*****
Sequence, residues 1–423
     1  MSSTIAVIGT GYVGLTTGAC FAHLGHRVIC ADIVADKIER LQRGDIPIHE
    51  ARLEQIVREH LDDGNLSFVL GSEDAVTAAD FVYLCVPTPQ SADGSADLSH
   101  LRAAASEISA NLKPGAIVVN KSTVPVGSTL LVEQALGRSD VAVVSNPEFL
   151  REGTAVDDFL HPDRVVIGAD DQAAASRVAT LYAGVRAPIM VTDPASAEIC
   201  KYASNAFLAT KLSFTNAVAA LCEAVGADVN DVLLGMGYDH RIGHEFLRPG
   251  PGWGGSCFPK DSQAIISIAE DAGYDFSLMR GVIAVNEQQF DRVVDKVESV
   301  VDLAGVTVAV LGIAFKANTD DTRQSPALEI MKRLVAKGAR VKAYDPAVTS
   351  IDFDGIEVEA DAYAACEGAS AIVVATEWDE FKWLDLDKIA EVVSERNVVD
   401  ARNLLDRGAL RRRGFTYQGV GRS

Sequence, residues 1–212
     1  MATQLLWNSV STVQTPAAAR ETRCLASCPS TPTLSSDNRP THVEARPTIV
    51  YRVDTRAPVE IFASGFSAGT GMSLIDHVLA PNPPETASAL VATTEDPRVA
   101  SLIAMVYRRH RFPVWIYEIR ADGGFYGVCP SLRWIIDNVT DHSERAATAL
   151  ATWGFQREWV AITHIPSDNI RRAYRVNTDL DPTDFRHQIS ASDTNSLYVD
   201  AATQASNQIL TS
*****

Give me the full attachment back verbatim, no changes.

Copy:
Sequence, residues 1–423
     1  MSSTIAVIGT GYVGLTTGAC FAHLGHRVIC ADIVADKIER LQRGDIPIHE
    51  ARLEQIVREH LDDGNLSFVL GSEDAVTAAD FVYLCVPTPQ SADGSADLSH
   101  LRAAASEISA NLKPGAIVVN KSTVPVGSTL LVEQALGRSD VAVVSNPEFL
   151  REGTAVDDFL HPDRVVIGAD DQAAASRVAT LYAGVRAPIM VTDPASAEIC
   201  KYASNAFLAT KLSFTNAVAA LCEAVGADVN DVLLGMGYDH RIGHEFLRPG
   251  PGWGGSCFPK DSQAIISIAE DAGYDFSLMR GVIAVNEQQF DRVVDKVESV
   301  VDLAGVTVAV LGIAFKANTD DTRQSPALEI MKRLVAKGAR VKAYDPAVTS
   351  IDFDGIEVEA DAYAACEGAS AIVVATEWDE FKWLDLDKIA EVVSERNVVD
   401  ARNLLDRGAL RRRGFTYQGV GRS

Sequence, residues 1–212
     1  MATQLLWNSV STVQTPAAAR ETRCLASCPS TPTLSSDNRP THVEARPTIV
    51  YRVDTRAPVE IFASGFSAGT GMSLIDHVLA PNPPETASAL VATTEDPRVA
   101  SLIAMVYRRH RFPVWIYEIR ADGGFYGVCP SLRWIIDNVT DHSERAATAL
   151  ATWGFQREWV AITHIPSDNI RRAYRVNTDL DPTDFRHQIS ASDTNSLYVD
   201  AATQASNQIL TS